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A "manly' effort

Adele Leas turns in a scintillating solo performance in Man to Man by the German playwright Manfred Karge. Leas, smoking a pipe and wearing baggy pants with suspenders, a khaki shirt, a checkered cardigan sweater and a workman's cap, plays a woman who succeeded in impersonating her dead husband for years. She did so in order to keep his job as a crane operator in the Weimar Republic of the early 1930s, an economically depressed time that led to the rise of Hitler.

Man to Man, being presented for the first time in the United States by Stageworks at the Loft Theater, is a showcase for Leas. With her mobile, intelligent face and a strong, expressive voice that fills the theater with surprising intimacy, she never fails to connect throughout the 1{-hour work.

Leas' sheer presence and energy are impressive. She obviously has a passionate personal identification with the character, and that alone _ combined with her formidable dramatic technique _ makes this a performance well worth experiencing.

Man to Man also introduces an interesting playwright. Karge, who was born in 1938 in Brandenburg, has said the play is designed to function as "a "life of Germany,' in monologue form, reflecting the last few decades of German history." Like any German intellectual of his generation, he is indebted to Bertolt Brecht, and Man to Man certainly fulfills Brecht's dictate that drama's purpose is to teach people how to survive.

As played by Leas, the woman who takes on the persona of her late husband, Max Gericke, is a survivor par excellence. She survives the Depression, the Nazis, the Russians and the ravages of post-war Germany. Karge places her in a setting of cozy domesticity, supported by a pension, complaining about "another night of rubbish on the telly" and reflecting back on her life as a man.

But Man to Man fails another of Brecht's maxims, that truth is concrete. The play is full of big themes _ sex and politics and work, what it means to be German _ but there's precious little action, just a woman with close-cropped hair and dressed in man's garb delivering 26 separate but linked monologues.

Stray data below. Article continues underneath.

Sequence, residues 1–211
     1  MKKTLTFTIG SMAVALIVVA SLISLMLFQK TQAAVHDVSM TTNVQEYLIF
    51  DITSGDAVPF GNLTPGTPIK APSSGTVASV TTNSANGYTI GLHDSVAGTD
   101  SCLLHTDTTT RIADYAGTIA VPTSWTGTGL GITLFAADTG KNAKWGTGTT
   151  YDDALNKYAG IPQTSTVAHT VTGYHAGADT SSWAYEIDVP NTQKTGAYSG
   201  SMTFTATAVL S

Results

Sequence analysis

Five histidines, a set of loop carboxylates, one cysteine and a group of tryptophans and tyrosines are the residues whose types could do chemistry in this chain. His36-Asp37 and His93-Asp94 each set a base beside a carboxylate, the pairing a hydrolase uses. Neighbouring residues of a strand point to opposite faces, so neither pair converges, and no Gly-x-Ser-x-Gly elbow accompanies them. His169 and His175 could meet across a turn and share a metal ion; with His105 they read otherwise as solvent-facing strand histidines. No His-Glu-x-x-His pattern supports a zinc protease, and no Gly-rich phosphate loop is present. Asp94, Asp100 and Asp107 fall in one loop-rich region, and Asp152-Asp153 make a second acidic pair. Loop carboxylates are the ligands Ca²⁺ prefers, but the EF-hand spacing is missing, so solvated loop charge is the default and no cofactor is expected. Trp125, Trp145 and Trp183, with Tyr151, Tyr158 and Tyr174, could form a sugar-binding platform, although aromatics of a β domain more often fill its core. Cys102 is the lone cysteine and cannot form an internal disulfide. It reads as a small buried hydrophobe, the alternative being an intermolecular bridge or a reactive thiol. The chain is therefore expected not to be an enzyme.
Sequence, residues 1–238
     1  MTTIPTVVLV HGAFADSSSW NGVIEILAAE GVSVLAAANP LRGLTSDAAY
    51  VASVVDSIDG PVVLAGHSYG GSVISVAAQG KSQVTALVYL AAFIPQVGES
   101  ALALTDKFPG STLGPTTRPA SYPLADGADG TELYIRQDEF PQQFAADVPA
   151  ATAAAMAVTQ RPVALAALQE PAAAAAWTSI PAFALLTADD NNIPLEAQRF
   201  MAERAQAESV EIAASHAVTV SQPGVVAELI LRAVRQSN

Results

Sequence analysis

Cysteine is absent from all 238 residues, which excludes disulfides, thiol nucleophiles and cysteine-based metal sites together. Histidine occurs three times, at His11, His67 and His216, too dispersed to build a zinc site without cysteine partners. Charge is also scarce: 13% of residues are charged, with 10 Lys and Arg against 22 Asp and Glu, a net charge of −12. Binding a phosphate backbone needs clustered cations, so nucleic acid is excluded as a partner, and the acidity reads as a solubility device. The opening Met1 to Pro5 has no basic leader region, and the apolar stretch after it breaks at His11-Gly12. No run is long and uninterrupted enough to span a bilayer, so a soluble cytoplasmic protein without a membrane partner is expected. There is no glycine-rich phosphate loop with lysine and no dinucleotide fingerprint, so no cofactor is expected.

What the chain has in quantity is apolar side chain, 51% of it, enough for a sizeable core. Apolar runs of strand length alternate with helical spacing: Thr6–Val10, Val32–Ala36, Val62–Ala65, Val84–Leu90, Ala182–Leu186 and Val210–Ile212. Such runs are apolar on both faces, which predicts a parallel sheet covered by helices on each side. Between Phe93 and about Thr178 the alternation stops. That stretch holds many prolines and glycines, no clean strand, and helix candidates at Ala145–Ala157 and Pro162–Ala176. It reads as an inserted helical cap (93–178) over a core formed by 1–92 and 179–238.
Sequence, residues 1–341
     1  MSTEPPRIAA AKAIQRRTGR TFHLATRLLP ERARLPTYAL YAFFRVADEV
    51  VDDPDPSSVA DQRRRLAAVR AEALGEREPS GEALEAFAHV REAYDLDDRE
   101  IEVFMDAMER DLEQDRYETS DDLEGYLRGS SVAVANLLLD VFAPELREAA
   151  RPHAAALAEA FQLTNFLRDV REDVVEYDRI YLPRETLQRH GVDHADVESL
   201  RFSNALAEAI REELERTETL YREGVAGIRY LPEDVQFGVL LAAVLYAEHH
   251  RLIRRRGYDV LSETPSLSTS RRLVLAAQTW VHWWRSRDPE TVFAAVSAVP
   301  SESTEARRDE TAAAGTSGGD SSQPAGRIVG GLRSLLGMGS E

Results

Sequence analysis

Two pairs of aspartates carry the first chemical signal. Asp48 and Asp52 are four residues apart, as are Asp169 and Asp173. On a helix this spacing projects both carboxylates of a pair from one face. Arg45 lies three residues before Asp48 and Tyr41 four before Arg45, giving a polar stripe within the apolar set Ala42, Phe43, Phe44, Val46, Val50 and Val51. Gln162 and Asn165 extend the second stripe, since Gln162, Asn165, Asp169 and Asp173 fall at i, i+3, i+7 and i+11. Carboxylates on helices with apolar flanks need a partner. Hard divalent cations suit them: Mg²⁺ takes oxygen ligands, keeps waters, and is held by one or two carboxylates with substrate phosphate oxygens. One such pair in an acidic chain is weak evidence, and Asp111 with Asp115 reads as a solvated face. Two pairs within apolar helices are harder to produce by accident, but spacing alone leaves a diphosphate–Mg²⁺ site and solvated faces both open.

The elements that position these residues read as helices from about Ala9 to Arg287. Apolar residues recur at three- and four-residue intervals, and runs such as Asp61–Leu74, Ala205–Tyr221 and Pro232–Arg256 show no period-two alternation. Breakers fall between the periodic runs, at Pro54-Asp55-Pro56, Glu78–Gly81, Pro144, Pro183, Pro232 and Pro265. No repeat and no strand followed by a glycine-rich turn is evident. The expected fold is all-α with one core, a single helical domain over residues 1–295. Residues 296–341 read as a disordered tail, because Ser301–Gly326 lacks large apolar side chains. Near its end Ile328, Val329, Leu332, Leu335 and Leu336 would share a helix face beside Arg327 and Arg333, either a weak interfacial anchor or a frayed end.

Despite the talent of Leas, Man to Man falls short because it is too abstract. As a result, it lacks what might be called narrative imperative. Like a lot of one-actor shows, it doesn't have enough variety and range in tone or coloration to keep the story from losing momentum and bogging down.

Man to Man's production, very much a collaboration between Leas and the director, Neil P. DeGroot, is solid and evocative at the same time. The set, with a cluttered array of objects and oddments _ an old rocking chair, faded Persian-style rugs, a cuckoo clock, family portraits _ is richly atmospheric. The lighting, sometimes so murky as to leave Leas barely visible, other times a harsh red, matches the shifting moods of the monologues.

The production's only wrong notes, literally, come in the singing of Sally Lambert, who opens the play with several songs, including Kurt Weill's September Song and Love for Sale by Cole Porter. In theory, Lambert's languorous cabaret performance is a clever way to get the proceedings under way, but in practice her nasal vibrato is tough to take. Perhaps her imperfectly pitched crooning is intended as parody, but mainly it is irritating, like fingernails scraped across a blackboard. Andre du Broc's piano playing, on the other hand, is charming.


Man to Man

Manfred Karge's play, in a Stageworks production, is at the Loft Theater tonight and Saturday night at 8, Sunday at 5 p.m. Tickets are $6-$12. Call 251-8984 in Tampa.

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